Roman religion, although now extinct, still profoundly influences now Christianised Europe and its ex-colonial treasures. This is not just due to the rich mythology of Rome, but because Roman religion was a function of Roman law – and thus became a basis for all those civlisations that were to erupt from Rome’s ashes of empire.
The universe of the Romans was one where the gods and spirits of all things held everything in lawful and harmonious balance – ethically superior to one any humans could devise. For there to be wrong in the world meant that either the an enemy had canvessed Divine favour more righteously, or else the Romans themselves, either as a population or individually, had transgressed some Holy codice.
At first, in the early days of the city of Rome, their gods were the formless spirits of ancestors (manes, or lares). Fear of upsetting dead ancestors was a driving force for the development of familial rituals, intended to placate these restless dead to ensure the protection of the home and living relatives.
Essentially, the original Roman pantheon was nothing more than an extended family of these, quite likely due to the following of the manes of a particularly powerful early chieftain – perhaps an historical Romulus, if ever there was one. As the village of Rome grew to a town, the primaeval manes began to take on form, and absorb the tribal deities of their neighbours – notably the Tarquins and Etruscans, who themselves were particularly influenced by Greek colonies along the coast of Italy, for example at Paestrum.
As greater contact with the other civilisations of Italy lead to greater movement of cultural ideas, so did the Latin allies and the Greek colonies exert an increasingly powerful spiritual influence, and the gods of Rome took shape in the now far more familiar anthropomorphic Greek forms.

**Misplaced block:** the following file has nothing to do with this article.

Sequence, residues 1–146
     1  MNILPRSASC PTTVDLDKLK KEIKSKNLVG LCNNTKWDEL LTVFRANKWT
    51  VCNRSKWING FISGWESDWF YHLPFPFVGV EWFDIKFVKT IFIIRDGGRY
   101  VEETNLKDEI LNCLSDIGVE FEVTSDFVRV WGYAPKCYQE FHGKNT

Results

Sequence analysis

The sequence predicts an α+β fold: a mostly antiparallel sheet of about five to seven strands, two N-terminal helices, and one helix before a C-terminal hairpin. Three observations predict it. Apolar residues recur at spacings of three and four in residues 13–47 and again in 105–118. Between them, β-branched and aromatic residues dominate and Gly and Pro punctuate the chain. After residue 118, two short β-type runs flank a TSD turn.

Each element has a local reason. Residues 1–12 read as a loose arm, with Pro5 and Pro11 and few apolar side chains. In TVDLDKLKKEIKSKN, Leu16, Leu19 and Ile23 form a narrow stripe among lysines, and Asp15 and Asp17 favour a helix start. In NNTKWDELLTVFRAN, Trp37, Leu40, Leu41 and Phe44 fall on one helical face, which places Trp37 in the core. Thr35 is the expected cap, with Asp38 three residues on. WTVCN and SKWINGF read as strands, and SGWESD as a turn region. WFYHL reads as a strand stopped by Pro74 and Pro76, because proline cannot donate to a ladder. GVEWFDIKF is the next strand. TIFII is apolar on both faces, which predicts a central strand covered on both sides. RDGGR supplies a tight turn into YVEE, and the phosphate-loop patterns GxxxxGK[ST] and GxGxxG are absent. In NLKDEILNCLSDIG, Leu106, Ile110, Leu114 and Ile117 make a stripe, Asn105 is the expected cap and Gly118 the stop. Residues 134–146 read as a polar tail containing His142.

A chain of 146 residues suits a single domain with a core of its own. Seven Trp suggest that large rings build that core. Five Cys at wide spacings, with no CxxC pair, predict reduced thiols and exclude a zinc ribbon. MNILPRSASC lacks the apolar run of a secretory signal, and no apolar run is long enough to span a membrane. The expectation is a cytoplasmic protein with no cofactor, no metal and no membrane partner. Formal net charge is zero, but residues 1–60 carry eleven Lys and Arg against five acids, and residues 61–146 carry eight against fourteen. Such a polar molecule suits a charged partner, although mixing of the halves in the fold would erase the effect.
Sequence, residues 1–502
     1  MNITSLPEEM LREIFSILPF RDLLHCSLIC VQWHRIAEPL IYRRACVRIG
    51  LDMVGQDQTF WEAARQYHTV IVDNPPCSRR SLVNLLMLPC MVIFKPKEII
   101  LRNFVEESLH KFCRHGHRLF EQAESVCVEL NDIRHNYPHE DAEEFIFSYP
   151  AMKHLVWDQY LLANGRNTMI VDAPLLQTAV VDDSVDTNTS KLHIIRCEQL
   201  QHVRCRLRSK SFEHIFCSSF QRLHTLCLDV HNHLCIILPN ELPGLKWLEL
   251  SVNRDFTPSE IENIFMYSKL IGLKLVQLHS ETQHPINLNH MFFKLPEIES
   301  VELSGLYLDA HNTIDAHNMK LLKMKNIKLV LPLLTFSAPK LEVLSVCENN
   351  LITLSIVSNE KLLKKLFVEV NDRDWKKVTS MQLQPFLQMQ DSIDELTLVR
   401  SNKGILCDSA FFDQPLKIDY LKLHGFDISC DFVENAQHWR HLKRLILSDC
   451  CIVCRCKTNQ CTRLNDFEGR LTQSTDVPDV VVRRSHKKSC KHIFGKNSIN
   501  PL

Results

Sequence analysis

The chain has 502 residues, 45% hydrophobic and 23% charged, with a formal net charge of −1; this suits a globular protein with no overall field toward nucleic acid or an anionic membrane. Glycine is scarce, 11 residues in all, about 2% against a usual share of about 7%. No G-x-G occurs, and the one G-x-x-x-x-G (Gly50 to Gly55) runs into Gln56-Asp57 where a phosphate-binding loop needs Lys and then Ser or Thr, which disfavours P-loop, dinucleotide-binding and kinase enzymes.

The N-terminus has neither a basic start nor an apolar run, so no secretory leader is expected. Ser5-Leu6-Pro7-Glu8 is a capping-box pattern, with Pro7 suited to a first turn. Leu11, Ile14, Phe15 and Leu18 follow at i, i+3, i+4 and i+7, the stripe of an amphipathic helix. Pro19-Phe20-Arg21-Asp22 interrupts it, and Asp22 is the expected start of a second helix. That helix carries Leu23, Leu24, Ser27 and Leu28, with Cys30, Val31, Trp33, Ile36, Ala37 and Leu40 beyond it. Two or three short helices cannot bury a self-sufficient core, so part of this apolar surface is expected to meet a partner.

Roman religion was not simply a world of mythologies and gods to appease, for at the very heart of their ethos was the notion that the gods were arbitrators of justice, and therefore merely a functionary element, just as the Roman Praetors were earthly symbols of Rome’s human laws.
As the Republic of Rome spread, notably after the Second Punic war, when the defeat of Hannibal in Africa was almost immediately followed by Rome’s cause in Greece, and against Antiochus in Asia minor, Rome effectively flung its doors to new ideas, so that the Empire that followed was ultimately multi-cultural in all ways.
Although the evolved and primarily Greek influenced theology remained the only effective official state religion until the time of Constantine in the fourth century BC, other theologies played a significant part, not least a great influx of eastern cults from Asia and the bridge to Africa, including early Christianity.
However, for all their later cosmopolitan acceptance of other faiths, the Roman Empire’s original state gods were so ingrained in law and the calendar itself that all other religions had to be subservient to them – and it was Christian refusal to abide so that lead to their repeated persecution.
Yet Rome was not simply a place of religion and varying theology – it was also a place where primarily Greek philosophies influenced greatly, not least the Stoics and Sophists.
However Rome, whether of the Republic or Empire, is viewed, it must never be underestimated that the Romans saw in the gods not simply idols for worship, but an entire mechanism of law that wheeled the universe entire upon itself. To deny themselves of the gods was not simply to deny themselves of religion, but of any sense of justice.